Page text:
Fourth, because P110 only blocks the interaction between Drp1 and Fis1, the failure of P110 treatment in vivo may indicate either that adequate levels of P110 were not achieved in vivo and/or that the Drp1–Fis1 interaction is less important in the pathogenesis of the fragmented mitochondria-proliferative fibroblast phenotype than other Drp1-binding partner interactions (such as Drp1-MiD49 and Drp1-MiD51). The role of MiD49 and MiD51 in MCT-RVfib remains unknown and requires further study.
We conclude that in MCT-induced PAH, RV fibroblasts display mitochondrial fragmentation that reflects Drp1-mediated fission. Increased mitochondrial fission promotes a hyperproliferative state and results in excessive production of collagen type III. Inhibiting Drp1 can inhibit mitochondrial fission, and reduce fibroblast proliferation and collagen production, suggesting Drp1 is a potential antifibrotic target. Further in vivo preclinical studies are required to establish the translational relevance of these observations.
LT and SA designed the work. LT, FP, DW, AD, K-HC, JM, and PL performed the experiments. LT, FP, DW, AD, K-HC, JM, PL, and SA analyzed and interpreted the data. LT drafted the work. LT, FP, DW, AD, K-HC, JM, PL, and SA revised the work critically and performed the final approval of the version to be published.
This study was supported in part by the United States National Institutes of Health (NIH) grants NIH 1R01HL113003-01A1 (SA) and NIH 2R01HL071115-06A1 (SA), Canada Foundation for Innovation 229252 and 33012 (SA), Tier 1 Canada Research Chair in Mitochondrial Dynamics, and Translational Medicine 950-229252 (SA), Canadian Institutes of Health Research (CIHR) Foundation Grant CIHR FDN 143261, the William J. Henderson Foundation (SA), and Canadian Vascular Network Scholar Award (LT, FP, DW, and AD).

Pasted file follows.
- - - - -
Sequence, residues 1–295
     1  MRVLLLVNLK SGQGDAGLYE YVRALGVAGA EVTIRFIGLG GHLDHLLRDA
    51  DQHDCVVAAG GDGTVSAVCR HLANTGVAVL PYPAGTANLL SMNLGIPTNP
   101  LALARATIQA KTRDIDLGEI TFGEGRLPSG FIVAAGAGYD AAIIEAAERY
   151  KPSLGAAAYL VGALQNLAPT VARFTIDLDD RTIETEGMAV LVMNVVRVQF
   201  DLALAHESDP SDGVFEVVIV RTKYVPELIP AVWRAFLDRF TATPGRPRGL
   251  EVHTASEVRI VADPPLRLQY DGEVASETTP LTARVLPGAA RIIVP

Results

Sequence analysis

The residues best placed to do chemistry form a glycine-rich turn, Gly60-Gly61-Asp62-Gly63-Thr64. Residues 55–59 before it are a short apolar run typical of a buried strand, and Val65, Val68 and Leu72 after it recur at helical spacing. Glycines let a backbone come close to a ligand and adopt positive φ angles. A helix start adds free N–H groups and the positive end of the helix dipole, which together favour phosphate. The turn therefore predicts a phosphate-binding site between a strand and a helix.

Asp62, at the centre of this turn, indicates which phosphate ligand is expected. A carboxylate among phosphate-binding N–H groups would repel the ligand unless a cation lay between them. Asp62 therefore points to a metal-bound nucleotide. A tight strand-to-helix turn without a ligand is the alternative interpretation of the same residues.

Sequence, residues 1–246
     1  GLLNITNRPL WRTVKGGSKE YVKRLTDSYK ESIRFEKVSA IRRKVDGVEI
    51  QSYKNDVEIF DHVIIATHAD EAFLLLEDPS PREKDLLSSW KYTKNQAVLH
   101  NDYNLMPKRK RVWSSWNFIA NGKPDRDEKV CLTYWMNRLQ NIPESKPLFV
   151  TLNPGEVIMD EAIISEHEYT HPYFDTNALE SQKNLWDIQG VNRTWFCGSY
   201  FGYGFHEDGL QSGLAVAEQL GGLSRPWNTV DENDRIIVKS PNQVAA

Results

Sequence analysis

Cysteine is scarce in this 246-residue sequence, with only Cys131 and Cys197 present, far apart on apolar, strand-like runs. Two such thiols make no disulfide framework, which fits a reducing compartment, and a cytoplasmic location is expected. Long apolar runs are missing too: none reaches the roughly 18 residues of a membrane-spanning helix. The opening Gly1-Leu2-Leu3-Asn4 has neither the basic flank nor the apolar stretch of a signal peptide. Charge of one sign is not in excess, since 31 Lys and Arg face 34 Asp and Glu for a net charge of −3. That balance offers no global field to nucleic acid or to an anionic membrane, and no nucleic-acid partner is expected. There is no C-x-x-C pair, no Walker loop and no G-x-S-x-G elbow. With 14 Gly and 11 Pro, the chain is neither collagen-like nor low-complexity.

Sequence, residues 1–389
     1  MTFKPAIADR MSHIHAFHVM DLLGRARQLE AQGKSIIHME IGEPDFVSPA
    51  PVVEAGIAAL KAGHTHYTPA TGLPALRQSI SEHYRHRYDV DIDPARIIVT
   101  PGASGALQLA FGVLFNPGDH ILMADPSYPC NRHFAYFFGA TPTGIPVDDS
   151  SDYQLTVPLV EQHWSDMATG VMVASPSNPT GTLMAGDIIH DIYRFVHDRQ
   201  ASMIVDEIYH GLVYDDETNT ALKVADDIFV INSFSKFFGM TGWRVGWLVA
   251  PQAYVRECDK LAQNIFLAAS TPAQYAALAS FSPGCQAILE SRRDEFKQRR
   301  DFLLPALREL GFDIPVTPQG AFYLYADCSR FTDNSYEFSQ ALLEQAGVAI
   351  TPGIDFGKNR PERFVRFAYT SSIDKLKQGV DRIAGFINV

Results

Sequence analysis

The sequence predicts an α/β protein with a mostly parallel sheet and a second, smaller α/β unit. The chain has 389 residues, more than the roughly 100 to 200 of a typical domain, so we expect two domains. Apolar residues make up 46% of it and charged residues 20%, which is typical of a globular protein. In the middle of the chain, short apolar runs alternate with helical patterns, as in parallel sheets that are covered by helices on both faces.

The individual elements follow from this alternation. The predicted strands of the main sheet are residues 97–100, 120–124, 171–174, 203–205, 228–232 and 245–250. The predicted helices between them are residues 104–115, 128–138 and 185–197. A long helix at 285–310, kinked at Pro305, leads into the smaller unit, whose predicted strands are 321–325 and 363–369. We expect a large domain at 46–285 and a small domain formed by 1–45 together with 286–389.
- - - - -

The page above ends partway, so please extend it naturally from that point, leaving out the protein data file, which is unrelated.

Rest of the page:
Conflict of Interest Statement
The authors declare that the research was conducted in the absence of any commercial or financial relationships that could be construed as a potential conflict of interest.
The Supplementary Material for this article can be found online at: https://www.frontiersin.org/articles/10.3389/fphys.2018.00828/full#supplementary-material
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Keywords: mitochondrial fission, mitochondrial dynamics, dynamin-related protein 1 (Drp1), fibrosis, mitochondrial division inhibitor 1 (Mdivi-1), P110
Citation: Tian L, Potus F, Wu D, Dasgupta A, Chen K-H, Mewburn J, Lima P and Archer SL (2018) Increased Drp1-Mediated Mitochondrial Fission Promotes Proliferation and Collagen Production by Right Ventricular Fibroblasts in Experimental Pulmonary Arterial Hypertension. Front. Physiol. 9:828. doi: 10.3389/fphys.2018.00828
Received: 06 March 2018; Accepted: 12 June 2018;
Published: 10 July 2018.
Edited by:Christophe Guignabert, Institut National de la Santé et de la Recherche Médicale (INSERM), France
Reviewed by:Eirini Lionaki, Foundation for Research and Technology Hellas, Greece
Laszlo Farkas, Virginia Commonwealth University, United States
Copyright © 2018 Tian, Potus, Wu, Dasgupta, Chen, Mewburn, Lima and Archer. This is an open-access article distributed under the terms of the Creative Commons Attribution License (CC BY). The use, distribution or reproduction in other forums is permitted, provided the original author(s) and the copyright owner(s) are credited and that the original publication in this journal is cited, in accordance with accepted academic practice. No use, distribution or reproduction is permitted which does not comply with these terms.
*Correspondence: Stephen L. Archer, firstname.lastname@example.org